Loren Schoenberg knows his Benny Goodman. As a tenor saxophonist, jazz writer and executive director of the National Jazz Museum in Harlem, Loren, 50, wrote the extensive liner notes that accompany Mosaic's Classic Columbia and Okeh Benny Goodman Orchestra Sessions (1939-1958), a fabulous new seven-CD box set I reviewed yesterday. Loren also is an insider. Back in the late 1970s and early 1980s, when most 20-somethings were in mosh pits or roller discos, Loren was working for Goodman, helping the King of Swing on a number of projects. In the early 1980s, Goodman took over Loren's big band.
So writing the liner notes for this magnificent box set was a perfect fit for Loren. The notes are a splendid blend of detached research and qualified perspective and analysis. We learn that between 1939 and 1958 Goodman not only led bands made up of carefully selected musicians but that there also was plenty of drama along the way. What remains today is uncommon power, excellence and a remarkable sound.
I spoke with Loren last week about his relationship with Goodman and what exactly makes Goodman sound so special over this 19-year period of his career:
JazzWax: When did you first meet Goodman?
Loren Schoenberg: In the 1970s, through pianist Teddy Wilson. Teddy used to play near where I grew up in Fair Lawn, N.J. My parents and I used to hear him at different clubs in the area and in New York. We'd always talk to him afterward. One night Teddy played at the Cookery in New York. But instead of wearing his typical brown suit, he had on a tuxedo. When I asked him why, Teddy said he was going to play later that night at an event that the National Urban League was sponsoring at the Waldorf-Astoria Hotel. The League was giving an award to Lionel Hampton and reuniting the original Benny Goodman quartet.
JW: Did you go?
LS: I asked Teddy if I could tag along, which, of course, was dependent on my dad driving back later to pick me up after it was all over. My dad said sure and so did Teddy. That was the first time I had heard the famous Benny Goodman quartet, and I got to shake Benny’s hand afterward. I met Benny again a short time later at an exhibit on him at the old Jazz Museum in New York, where I was a volunteer in my high school days. I had already met him at the Waldorf, so we had a point of reference.
JW: Those brief encounters left a deep impression on you, didn't they?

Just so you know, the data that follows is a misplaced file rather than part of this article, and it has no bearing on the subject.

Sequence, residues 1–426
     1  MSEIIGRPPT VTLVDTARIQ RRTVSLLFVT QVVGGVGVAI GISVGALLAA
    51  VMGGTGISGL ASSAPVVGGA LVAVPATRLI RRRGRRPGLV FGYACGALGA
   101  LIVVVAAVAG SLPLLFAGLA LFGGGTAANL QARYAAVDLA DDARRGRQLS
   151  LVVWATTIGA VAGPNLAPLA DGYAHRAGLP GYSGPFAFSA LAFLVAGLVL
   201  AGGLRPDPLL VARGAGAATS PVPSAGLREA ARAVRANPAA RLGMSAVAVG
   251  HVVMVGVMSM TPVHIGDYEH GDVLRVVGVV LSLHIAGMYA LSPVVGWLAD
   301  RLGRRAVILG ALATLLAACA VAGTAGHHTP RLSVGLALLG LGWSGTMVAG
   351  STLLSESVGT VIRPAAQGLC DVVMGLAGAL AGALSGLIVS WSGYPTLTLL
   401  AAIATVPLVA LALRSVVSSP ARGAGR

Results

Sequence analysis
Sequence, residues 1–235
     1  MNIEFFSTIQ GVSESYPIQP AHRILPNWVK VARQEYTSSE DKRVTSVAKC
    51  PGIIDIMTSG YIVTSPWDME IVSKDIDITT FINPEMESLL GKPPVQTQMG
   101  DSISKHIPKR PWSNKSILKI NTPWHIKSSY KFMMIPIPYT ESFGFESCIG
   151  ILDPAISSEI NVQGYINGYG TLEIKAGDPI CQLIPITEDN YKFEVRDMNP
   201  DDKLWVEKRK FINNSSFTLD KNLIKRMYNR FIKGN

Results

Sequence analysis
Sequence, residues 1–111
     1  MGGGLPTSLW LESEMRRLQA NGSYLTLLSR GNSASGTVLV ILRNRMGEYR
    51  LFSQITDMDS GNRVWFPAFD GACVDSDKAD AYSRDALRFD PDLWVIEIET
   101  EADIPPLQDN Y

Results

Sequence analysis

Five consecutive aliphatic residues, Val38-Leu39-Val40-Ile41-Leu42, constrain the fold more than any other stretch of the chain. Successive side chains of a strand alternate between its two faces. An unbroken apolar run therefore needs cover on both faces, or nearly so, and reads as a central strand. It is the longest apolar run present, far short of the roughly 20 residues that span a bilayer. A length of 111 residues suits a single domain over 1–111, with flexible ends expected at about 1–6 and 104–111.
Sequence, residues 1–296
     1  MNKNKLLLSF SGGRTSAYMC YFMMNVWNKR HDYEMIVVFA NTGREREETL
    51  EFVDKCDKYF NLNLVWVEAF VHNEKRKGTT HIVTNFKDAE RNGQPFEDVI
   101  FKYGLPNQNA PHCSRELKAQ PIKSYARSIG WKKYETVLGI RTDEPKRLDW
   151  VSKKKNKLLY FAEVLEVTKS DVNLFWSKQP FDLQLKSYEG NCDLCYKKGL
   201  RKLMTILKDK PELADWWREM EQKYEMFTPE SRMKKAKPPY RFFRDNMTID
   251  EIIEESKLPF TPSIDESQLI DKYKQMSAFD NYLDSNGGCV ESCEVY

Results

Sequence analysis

LS: Yes. I later went to Benny's office to get some autographed pictures from his secretary, Muriel Zuckerman. At the time, I also was studying informally with Hank Jones, who was playing with Benny. So I guess I was around a lot backstage when they played. I also had discovered Russ Conner’s book, BG on the Record, and had corresponded with Russ. So I was a member of the unofficial peripheral world of Benny Goodman.
JW: When did you start working with Goodman?
LS: In my senior year of college at the Manhattan School of Music, in 1980, I got a phone call from Goodman. He was looking to donate his arrangements to Lincoln Center. He had asked Russ Connor to write the accompanying provenance for the charts, but Russ was too busy and recommended me.
JW: Did you get the job?
LS: Yes. I went to work for Goodman asking him about the different chart versions and when they were recorded. That lasted for a while. Then he asked if I wanted to come back to his office and answer the phones because his secretary had retired. So I did. I did such a good job that I became his personal manager in my early 20s. I knew many of the musicians he was playing with at the time, and I had already started my own big band. It was an amazing experience for me. A few years later he hired my band to become the last Benny Goodman Orchestra. After Benny died in 1986, I was engaged by his estate and Yale University to curate his archives, and review and listen to all the recordings he had made for his own company. Out of that project came 10 CDs for the Music Masters label. [Pictured: Benny and Loren in the early 1980s]